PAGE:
That's not to say that these challenges stop once a man is grown. No, in some areas the battle still rages and the gauntlet can still be thrown down. No man wants to be regarded as the weak one. So when a challenge comes calling most men try to meet it.

Five of us had to head down to Summerville to rent tuxedos for my wedding. Chris was driving. Jonathan was riding shotgun. Joshua, Brandyn, and I were riding in the back seat. It was February and a little cold, but we were all well prepared. In fact after we we done at the tailor's we all climbed in the car wearing heavy winter coats. Chris turned the heat on full blast and we started the two hour ride home.

We had been riding along for a few minutes with the car getting hotter and hotter and I realized that Chris was distracted and hadn't turned the heat down. Just as I was about to ask him to turn it down he spoke.

“You guys aren't getting hot are you? If you can't take it I can turn it down.” He said smiling at us in the rear view mirror.

I realized immediately that the heat was a challenge. He wasn't going to turn it off until one of us asked for it.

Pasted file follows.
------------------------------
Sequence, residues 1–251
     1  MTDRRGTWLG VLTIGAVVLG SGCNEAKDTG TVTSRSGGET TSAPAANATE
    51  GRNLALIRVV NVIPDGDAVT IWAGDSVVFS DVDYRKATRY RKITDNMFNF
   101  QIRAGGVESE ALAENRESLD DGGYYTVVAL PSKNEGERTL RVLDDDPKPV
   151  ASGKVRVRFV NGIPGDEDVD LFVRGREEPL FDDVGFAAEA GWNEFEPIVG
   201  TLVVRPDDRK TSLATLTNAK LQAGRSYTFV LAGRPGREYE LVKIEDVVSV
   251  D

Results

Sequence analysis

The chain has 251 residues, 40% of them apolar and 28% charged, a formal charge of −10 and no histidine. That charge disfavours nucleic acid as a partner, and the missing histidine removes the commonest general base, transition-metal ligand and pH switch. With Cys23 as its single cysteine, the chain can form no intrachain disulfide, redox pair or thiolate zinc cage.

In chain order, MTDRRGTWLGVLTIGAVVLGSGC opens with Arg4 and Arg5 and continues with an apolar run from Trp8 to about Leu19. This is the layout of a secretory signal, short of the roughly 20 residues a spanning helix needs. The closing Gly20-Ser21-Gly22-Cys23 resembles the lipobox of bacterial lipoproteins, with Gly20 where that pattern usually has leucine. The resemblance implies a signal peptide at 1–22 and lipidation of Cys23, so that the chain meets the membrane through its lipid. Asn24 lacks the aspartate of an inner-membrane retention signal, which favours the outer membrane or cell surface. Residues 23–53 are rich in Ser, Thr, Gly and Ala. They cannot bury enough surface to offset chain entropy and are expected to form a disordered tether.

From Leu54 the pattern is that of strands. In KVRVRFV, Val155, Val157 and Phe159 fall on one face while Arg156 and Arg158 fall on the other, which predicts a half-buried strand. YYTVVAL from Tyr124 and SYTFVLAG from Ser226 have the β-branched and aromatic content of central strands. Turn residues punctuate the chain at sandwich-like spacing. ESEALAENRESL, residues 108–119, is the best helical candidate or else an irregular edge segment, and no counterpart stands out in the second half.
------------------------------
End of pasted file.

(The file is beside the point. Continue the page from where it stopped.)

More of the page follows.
“I'm good.” I said.

“I as well.” Josh chimed in.

“Brandyn?” Chris asked.

“I'm just a little cold.” He replied as he bundled up in his coat. (Of all of us he was dressed most warmly.”

“Jonathan?” Chris continued.

“No, no, I'm fine.” Was his firm response.

So we continued along. Mile after mile, minute after minute, as the car got hotter and hotter. No one dared to take off their coats or complain about the heat. I remember sitting there covered in sweat feeling sorry for Brandyn in his thick Starter jacket. Chris seemed to think Brandyn would be the first to crack.

“You alright Brandyn?” He asked a few minutes later.

“Can you turn the heat up?” He responded.

“No, it's as high as it will go.”